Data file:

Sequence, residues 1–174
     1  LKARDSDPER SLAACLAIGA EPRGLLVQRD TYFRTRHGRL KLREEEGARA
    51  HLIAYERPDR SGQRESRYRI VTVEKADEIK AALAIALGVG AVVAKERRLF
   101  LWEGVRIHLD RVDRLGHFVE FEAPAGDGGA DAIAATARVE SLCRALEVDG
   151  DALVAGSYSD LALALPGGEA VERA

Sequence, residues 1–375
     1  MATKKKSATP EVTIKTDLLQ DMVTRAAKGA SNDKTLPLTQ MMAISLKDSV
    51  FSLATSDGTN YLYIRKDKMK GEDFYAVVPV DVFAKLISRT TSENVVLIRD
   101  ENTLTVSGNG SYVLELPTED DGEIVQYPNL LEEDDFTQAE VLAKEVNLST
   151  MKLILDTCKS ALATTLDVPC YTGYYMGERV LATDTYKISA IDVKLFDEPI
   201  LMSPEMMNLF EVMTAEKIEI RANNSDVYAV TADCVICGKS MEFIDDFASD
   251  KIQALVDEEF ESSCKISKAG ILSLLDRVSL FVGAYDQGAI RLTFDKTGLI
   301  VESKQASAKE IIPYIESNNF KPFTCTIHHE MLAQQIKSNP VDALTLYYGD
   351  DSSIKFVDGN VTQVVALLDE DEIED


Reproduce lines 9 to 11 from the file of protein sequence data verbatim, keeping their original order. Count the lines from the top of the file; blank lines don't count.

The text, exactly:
   101  ENTLTVSGNG SYVLELPTED DGEIVQYPNL LEEDDFTQAE VLAKEVNLST
   151  MKLILDTCKS ALATTLDVPC YTGYYMGERV LATDTYKISA IDVKLFDEPI
   201  LMSPEMMNLF EVMTAEKIEI RANNSDVYAV TADCVICGKS MEFIDDFASD